A bag of potato chips here, a few too many cans of soda there -- it's easy to fall into poor eating behaviors. However, in trying to mend our ways, we sometimes risk making a bad situation even worse.
March is National Nutrition Month, so we asked two experts to describe the biggest and most common nutrition errors people make – and how to fix them. Here are their top five.
1. Cutting out healthy grains for weight loss
Whole grains are full of fiber, and great for your body, says Jennifer Bruning, a Chicago-based registered dietitian nutritionist and spokesperson for the Academy of Nutrition and Dietetics.
Among other benefits, whole grains:
- Help you feel full
- Banish bloat by keeping you regular
- Lower your risk of heart disease and cancer
- Keep your blood sugar in check
Yet, many people avoid whole grains because of their carbohydrate count. Bruning says that's a mistake.
"Falling prey to the siren song of low-carb diets means you're missing out on all these benefits," she says.
The fix. Try whole grains on salads, pop popcorn with custom seasonings and eat oats for breakfast. Such foods make you "feel full and energized," Bruning says.
2. Skipping meals to lose weight
Many people skip at least one meal each day, hoping it will help them shed a few pounds.
"The concept is very logical – 'I eat less, and I should lose weight,'" says Angel Planells, a Seattle-based registered dietitian nutritionist and spokesperson for the Academy of Nutrition and Dietetics.
But in reality, regularly skipping meals slows down your metabolism, which "essentially sets you on the path towards weight gain," Planells says.
The fix. Eat regularly, but remain laser-focused on controlling portion size. That way, your metabolism will purr along and continue to burn calories.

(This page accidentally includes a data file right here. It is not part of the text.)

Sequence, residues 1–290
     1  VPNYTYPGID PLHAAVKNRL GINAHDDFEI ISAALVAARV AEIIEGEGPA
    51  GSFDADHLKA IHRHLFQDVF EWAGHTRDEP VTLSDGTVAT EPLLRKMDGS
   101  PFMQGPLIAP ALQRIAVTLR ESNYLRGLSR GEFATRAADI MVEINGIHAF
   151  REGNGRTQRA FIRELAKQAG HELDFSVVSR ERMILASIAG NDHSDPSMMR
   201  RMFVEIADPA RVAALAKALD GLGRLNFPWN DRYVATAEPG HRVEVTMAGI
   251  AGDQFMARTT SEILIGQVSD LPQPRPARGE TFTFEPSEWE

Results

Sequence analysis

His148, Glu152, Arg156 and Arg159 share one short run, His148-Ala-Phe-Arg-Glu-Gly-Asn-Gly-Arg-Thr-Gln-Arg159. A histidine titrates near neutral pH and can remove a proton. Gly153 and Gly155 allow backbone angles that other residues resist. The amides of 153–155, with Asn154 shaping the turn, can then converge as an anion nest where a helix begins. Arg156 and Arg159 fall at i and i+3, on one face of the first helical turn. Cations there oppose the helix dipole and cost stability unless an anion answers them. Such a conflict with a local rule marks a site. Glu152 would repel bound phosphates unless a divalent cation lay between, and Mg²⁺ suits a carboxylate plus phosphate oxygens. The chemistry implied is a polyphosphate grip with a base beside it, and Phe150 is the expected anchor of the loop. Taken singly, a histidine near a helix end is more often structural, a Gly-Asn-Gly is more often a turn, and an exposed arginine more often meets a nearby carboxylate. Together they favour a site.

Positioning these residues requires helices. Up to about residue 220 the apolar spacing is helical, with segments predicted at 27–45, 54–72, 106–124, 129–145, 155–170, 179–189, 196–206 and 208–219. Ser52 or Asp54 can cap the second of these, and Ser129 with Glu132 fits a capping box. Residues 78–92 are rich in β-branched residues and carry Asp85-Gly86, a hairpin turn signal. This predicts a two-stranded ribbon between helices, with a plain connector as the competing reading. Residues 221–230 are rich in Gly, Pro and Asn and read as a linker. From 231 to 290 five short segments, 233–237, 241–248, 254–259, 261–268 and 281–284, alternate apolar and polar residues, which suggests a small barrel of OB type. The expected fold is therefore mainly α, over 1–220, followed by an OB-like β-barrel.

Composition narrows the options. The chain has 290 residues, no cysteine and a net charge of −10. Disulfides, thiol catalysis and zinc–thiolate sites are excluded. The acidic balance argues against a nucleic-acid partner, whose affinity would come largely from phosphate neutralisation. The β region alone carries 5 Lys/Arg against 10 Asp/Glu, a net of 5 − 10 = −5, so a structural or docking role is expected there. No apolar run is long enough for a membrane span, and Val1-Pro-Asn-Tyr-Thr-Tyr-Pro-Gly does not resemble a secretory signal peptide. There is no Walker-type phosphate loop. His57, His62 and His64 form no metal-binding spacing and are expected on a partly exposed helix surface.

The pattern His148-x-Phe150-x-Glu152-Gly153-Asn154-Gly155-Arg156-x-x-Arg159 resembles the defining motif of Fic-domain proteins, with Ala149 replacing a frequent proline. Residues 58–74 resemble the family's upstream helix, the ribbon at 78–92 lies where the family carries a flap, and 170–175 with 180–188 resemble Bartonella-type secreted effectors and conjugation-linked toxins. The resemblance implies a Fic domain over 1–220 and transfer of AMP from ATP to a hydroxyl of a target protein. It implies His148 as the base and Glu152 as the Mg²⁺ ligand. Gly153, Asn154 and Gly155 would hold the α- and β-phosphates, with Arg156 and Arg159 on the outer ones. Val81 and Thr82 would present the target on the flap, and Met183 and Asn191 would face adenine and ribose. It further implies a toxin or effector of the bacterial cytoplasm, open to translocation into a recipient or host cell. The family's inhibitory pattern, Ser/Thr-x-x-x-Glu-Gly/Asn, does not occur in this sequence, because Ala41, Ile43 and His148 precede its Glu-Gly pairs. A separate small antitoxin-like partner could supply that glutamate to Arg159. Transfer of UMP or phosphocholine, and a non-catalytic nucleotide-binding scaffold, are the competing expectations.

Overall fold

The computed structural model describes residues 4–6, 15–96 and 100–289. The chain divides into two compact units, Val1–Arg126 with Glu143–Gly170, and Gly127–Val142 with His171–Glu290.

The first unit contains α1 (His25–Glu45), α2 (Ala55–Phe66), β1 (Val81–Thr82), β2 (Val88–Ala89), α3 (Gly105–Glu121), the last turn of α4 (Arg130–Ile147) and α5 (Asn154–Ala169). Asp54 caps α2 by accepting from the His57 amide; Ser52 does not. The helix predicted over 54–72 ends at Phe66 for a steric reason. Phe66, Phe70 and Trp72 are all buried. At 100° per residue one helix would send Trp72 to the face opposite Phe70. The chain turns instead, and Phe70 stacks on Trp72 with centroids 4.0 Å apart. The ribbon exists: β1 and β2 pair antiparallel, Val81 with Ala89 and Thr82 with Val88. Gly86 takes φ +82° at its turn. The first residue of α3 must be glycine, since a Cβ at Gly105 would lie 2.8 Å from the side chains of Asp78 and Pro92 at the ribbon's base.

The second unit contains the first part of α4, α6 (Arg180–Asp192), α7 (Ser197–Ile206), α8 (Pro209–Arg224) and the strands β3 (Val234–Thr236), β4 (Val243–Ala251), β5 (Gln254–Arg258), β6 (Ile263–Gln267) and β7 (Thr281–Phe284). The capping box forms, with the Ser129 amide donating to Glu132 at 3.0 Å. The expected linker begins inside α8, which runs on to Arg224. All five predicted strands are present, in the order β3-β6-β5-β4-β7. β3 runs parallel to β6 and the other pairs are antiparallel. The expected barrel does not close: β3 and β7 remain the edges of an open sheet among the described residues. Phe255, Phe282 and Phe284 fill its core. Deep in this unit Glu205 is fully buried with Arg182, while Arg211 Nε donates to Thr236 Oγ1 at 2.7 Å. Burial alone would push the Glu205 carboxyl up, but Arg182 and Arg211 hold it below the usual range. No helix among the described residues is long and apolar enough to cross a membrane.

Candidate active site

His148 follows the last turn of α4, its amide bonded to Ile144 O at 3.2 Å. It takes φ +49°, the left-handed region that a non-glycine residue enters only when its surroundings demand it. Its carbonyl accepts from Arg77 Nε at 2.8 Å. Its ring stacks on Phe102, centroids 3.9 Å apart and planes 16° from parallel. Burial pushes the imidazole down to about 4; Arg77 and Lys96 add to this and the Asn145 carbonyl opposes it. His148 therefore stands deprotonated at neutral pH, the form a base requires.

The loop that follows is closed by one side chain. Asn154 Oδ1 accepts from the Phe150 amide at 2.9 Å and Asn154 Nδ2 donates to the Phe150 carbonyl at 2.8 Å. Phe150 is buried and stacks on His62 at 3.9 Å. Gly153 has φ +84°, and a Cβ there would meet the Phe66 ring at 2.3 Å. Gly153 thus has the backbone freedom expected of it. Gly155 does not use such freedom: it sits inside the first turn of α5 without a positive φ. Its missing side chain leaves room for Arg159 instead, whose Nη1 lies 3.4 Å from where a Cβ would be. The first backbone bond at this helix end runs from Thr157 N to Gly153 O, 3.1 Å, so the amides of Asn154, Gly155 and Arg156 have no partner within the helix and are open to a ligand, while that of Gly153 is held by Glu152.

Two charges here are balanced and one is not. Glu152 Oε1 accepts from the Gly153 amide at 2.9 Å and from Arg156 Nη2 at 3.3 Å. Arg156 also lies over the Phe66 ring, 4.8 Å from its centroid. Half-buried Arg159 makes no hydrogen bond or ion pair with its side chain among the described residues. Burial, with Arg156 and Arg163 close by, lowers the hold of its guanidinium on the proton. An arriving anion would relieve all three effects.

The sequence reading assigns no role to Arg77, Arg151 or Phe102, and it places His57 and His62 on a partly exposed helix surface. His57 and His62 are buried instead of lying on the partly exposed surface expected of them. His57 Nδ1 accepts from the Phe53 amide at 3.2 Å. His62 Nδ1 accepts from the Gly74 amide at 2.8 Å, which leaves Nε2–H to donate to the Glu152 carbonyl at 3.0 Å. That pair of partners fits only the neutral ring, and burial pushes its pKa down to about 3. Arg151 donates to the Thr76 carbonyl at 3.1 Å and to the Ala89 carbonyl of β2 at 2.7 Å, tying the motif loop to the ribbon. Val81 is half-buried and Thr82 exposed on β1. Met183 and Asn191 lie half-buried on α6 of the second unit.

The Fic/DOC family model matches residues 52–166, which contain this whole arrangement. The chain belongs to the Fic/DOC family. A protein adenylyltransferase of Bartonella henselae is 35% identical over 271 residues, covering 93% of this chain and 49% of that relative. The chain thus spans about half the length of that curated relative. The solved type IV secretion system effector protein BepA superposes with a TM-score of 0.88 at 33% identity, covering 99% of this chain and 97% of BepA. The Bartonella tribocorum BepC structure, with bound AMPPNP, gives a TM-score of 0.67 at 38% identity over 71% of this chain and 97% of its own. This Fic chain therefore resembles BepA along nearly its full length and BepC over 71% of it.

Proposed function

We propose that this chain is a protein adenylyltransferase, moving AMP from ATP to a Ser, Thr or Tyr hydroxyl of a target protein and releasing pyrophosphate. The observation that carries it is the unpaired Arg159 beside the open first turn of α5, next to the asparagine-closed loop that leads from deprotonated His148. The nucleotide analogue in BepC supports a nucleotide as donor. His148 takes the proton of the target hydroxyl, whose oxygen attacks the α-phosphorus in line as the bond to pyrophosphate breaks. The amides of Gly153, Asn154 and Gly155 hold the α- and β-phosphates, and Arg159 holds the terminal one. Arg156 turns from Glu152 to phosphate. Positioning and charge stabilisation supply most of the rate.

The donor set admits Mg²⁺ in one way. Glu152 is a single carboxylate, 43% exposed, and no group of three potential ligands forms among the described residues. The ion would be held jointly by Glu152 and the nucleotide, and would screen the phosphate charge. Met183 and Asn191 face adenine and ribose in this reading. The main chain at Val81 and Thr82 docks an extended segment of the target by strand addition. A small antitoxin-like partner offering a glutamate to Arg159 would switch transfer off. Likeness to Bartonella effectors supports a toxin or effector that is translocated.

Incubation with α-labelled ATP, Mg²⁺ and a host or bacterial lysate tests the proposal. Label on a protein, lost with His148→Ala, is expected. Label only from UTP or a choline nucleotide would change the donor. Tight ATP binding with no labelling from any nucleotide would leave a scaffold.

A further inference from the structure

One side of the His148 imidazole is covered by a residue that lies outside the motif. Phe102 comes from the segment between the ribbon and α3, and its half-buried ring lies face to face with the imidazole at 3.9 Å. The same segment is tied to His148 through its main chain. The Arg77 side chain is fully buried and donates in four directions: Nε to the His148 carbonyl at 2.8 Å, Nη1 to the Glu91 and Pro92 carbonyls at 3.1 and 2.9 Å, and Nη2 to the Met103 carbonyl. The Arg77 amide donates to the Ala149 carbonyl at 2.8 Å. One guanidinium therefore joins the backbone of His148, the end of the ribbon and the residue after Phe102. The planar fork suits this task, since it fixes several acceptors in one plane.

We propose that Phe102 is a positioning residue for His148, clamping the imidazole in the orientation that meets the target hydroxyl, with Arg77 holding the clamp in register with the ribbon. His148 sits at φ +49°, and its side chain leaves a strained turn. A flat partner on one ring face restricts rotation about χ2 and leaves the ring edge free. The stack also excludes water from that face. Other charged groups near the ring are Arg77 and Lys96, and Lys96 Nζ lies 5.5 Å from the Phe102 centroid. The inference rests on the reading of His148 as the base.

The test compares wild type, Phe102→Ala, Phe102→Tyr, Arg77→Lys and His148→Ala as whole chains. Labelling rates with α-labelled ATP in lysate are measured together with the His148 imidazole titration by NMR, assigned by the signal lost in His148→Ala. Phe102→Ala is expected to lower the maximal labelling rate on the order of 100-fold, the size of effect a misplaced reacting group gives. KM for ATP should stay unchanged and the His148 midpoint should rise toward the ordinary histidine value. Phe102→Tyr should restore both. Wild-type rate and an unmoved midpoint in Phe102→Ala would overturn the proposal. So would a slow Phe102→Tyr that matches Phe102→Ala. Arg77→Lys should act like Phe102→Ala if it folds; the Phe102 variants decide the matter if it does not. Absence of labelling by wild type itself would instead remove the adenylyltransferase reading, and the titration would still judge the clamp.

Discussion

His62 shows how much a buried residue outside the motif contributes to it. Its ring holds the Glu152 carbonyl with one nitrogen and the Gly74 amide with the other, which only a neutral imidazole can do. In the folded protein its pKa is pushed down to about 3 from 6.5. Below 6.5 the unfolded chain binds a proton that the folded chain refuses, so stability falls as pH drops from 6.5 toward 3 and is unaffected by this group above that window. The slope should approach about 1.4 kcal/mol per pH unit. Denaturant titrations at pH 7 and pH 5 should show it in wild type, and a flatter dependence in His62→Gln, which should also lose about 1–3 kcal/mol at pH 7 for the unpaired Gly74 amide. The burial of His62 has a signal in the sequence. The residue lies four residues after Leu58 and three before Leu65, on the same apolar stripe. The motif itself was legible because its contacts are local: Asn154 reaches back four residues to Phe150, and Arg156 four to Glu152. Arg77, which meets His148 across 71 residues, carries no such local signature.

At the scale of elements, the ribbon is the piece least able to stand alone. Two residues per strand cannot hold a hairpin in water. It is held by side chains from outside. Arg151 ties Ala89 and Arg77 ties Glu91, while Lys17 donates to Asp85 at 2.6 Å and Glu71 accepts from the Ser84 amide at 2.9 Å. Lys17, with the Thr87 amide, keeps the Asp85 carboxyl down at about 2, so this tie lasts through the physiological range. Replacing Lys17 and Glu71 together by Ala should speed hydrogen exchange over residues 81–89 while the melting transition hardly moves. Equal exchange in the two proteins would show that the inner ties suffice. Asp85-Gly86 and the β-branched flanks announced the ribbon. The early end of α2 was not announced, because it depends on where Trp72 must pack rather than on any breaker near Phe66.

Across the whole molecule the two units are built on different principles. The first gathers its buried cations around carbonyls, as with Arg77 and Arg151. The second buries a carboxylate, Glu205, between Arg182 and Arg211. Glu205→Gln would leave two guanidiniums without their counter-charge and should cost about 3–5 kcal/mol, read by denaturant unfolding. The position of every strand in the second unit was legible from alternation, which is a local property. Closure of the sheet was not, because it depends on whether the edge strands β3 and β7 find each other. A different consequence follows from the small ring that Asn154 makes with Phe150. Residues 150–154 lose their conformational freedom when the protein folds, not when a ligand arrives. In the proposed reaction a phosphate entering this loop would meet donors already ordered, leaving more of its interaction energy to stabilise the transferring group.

"Eating small meals and snacks throughout the day with an emphasis on protein and fiber will help keep us satisfied, and keep the furnace burning all day long," Planells says.
3. Changing your diet based on a fad
We live in a time when every new food study promises weight loss or improved health. But Bruning says it's important to look at this research critically.
"Often, headlines or fads are based on a single study, or none at all," she says. "Changing your diet based on this lack of evidence could have negative health results."
The fix. Don't swallow every nutrition and weight loss fad. Bruning urges you to be skeptical of things that sound too good to be true, or that depart from conventional nutrition advice.
"While science is constantly updating and evolving, one single study is rarely enough evidence to support radically changing your otherwise-healthy diet," she says.
If you're confused, talk to registered dietitian to get it sorted out.
4. Avoiding entire food groups
Some people steer clear of all dairy foods. Others shun anything with gluten. But unless you have a diagnosed condition – such as celiac disease or lactose intolerance – you should not avoid specific types of food altogether.
"Avoiding entire food groups can put you at risk for nutritional deficiency when your diet becomes unbalanced," Bruning says.
The fix. Try to eat a well-balanced and healthful diet. "Try making changes like making half your plate veggies at a meal, opting for lower-fat dairy products, making fruit-based desserts or having smaller portions," Bruning says.
5. Switching 'cold turkey' from unhealthful eating to healthful eating
Planells also believes radically altering your diet can be a mistake – especially if you do it too quickly.
He notes that each new year, people pledge to make a fresh start and eat more healthfully. "It works well until about the third week in January, and then it stops," he says.
Many people have formed bad nutrition habits over years, or even decades. Trying to undo those bad ways overnight can trigger stress that sets you up for failure.
The fix. Instead of trying to lose 10 pounds quickly, make longer-term changes to your diet – and do it gradually. "Build up your confidence so that you can feel confident in making healthful changes," Planells says.
For example, add a couple of servings of fruit to your diet each week and work up from there over time, Planells says.
"Behavior change is not going to happen overnight," he says. "To be successful, we have to train like we are preparing for a marathon, not a sprint."